Reports from Cuba: Youth club ends project that was more about politics than about computers

Lucia Oliveira and Miguel Garcia report in 14yMedio from Holguin via Translating Cuba:

The Youth Club in Cuba Ends a Project That Was More About Politics Than About Computers

In the neighborhood of Pueblo Nuevo in the city of Holguín, another Youth Club is experiencing deterioration and no longer provides services to the public.

Where before there were tables with screens and keyboards, now there are boxes of vegetable oil, piles of spaghetti packages and bags of powdered milk piled up. Two of the most important buildings of the Youth Computer and Electronics Club in Holguín have been leased as warehouses to small private companies in the city. The initiative, originally created in 1987 to be the computer spearhead of the Cuban regime, has been in frank deterioration for years.

The economic crisis has hit the Youth Club network hard, because it needs frequent investments in computer equipment. “The machines are now very old, and  we piled up some of them in a corner because they don’t even turn on,” an employee of the Lenin neighborhood premises in this eastern Cuban city tells 14ymedio.

“It’s been months since we became a warehouse for the products of private businesses in the area,” the worker admits. “The management of the Holguín Youth Club must collect eight million pesos per month for services, but since we provide fewer and fewer of our own services to the population, we have to make money in a different way.”

Previously, the money was obtained from customers who paid for “machine time” by renting a computer for a few hours, which teenagers and children from nearby neighborhoods used mainly to play video games. But most of the money came from the State budget, which thought of this initiative as the “apple of their eye.”

“We also offered antivirus updates, a copy of the Ecured encyclopedia and La Mochila* (an official alternative to the ‘weekly packet’ [a collection of TV shows, music and digital material, much of it from abroad]). In recent years we didn’t have much, especially after people were able to connect to Wi-Fi networks and the internet,” he emphasizes.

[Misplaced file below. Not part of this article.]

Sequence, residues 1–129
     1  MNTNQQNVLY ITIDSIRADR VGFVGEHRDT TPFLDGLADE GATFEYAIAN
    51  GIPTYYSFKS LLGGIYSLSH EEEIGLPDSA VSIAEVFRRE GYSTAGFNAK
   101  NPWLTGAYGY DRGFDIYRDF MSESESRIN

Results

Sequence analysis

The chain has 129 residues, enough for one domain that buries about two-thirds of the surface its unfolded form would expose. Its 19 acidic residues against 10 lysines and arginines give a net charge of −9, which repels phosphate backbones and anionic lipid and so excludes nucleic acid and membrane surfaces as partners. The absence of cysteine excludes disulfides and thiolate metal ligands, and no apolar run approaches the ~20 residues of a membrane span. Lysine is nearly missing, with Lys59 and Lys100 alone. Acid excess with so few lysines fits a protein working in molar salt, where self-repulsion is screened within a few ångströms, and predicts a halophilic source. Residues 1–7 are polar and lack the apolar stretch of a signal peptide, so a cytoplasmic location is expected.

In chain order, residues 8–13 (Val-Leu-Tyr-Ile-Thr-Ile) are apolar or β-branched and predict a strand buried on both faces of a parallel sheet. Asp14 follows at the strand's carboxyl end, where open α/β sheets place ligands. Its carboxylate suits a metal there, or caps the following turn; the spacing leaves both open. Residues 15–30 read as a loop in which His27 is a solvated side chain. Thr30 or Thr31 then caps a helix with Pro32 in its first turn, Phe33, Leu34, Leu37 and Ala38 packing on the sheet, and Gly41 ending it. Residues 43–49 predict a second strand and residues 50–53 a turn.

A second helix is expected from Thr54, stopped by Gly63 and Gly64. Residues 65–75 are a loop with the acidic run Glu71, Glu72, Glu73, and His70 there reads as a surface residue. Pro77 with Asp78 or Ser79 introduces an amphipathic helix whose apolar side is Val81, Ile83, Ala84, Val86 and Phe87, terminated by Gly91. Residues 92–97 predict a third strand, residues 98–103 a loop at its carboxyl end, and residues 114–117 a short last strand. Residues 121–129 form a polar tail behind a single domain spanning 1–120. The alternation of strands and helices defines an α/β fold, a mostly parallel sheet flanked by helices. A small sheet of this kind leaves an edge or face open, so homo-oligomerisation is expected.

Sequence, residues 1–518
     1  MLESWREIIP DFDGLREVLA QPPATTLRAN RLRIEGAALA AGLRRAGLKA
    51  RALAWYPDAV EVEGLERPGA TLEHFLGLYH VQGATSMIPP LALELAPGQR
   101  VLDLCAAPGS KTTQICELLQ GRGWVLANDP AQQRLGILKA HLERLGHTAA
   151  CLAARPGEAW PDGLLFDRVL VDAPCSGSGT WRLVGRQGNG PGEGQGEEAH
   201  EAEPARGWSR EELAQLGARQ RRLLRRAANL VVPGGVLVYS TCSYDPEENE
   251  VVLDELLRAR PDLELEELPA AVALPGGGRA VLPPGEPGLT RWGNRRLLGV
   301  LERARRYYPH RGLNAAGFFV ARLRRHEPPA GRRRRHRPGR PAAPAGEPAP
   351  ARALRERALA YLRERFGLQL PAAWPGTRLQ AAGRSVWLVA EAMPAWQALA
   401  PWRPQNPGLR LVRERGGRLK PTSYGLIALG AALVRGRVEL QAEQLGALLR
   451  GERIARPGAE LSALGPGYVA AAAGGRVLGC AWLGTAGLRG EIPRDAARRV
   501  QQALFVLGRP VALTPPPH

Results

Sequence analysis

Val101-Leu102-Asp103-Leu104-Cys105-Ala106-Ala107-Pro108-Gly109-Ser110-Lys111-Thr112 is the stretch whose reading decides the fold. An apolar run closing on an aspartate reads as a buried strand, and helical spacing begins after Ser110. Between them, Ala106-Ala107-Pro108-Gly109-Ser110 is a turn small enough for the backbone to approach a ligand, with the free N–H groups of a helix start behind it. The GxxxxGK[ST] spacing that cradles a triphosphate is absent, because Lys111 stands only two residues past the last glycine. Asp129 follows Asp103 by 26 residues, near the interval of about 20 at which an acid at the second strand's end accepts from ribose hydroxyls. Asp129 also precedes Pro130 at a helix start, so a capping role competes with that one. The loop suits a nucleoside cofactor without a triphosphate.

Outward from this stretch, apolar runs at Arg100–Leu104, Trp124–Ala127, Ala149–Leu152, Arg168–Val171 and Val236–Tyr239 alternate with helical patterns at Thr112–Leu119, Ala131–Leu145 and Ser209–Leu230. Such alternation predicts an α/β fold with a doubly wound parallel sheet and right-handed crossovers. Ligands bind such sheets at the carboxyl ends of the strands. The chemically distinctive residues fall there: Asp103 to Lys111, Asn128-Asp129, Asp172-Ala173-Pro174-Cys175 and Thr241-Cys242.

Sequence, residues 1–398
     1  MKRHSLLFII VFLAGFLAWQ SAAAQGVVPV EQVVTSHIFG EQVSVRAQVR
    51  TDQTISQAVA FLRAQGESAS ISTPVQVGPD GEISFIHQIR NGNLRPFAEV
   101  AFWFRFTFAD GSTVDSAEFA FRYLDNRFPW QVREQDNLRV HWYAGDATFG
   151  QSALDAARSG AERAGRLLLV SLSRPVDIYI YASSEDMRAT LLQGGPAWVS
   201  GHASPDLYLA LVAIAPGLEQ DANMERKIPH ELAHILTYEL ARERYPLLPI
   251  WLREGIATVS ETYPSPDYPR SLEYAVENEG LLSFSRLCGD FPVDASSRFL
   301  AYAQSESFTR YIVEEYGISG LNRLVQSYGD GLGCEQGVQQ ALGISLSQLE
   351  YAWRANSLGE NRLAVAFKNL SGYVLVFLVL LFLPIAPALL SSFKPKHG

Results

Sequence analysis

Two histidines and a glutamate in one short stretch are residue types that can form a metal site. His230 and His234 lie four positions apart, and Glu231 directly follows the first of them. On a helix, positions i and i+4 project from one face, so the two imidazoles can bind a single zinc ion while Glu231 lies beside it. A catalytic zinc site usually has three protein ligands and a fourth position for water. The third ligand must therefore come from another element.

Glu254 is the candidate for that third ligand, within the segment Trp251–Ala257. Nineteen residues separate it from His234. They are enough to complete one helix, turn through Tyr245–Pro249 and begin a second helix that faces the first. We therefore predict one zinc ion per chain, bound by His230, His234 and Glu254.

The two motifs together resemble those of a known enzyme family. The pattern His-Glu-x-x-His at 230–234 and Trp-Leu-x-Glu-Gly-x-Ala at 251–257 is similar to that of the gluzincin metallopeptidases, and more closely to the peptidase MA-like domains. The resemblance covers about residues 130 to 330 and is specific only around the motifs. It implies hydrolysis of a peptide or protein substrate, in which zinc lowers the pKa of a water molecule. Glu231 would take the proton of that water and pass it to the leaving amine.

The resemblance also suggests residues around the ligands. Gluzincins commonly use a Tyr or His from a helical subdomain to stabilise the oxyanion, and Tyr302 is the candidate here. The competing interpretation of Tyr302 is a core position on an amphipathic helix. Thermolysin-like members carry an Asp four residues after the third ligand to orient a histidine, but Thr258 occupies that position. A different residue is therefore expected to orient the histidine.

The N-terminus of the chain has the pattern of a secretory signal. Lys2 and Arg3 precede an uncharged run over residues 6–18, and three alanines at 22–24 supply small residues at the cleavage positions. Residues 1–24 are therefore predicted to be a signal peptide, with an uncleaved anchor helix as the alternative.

The arrival, in December 2018, of the web browsing service through mobile telephony seems to have struck a mortal blow to a Youth Club network that was initially designed to centralize the use of new technologies. “Any little kid now has a mobile phone that is much better than the computers we had here. If they don’t have one, they ask their parents or a friend and can download and play whatever they want.”

Despite its loss of social importance, the Youth Club for Computation and Electronics continues to be defined on its digital site as “a network of technological centers, with computer solutions” at the fingertips of any Cuban. It adds that it has “a wide portfolio of products and services,” but a tour of its Holguin center points in another direction.

The entity’s office in the Pueblo Nuevo neighborhood is closed. “We don’t have a reopening date at the moment,” a custodian tells this newspaper. “Perhaps when we reopen  there will be a store here because that’s what is being done with the others,” he says. Outside, the unpainted facade and a sign with faded colors are far from the impeccable presence that the Youth Club once had.

“All this fell out of favor with the departure of Fidel Castro from the leadership of the country, because everyone knows that this was a project of his,” María Victoria Contreras, a worker for two decades at the Havana Youth Club, tells this newspaper. “I was among the founders, and I can say that here the resources were endless. Unlike other sectors, we lacked nothing.”

Contreras says that at first they had a lot of demand, “even a line outside, because almost no one had a computer at home, and the kids wanted to sit in front of a screen, touch a mouse. I saw many children play with a keyboard for the first time when I worked at the Club;  there are things you never forget.”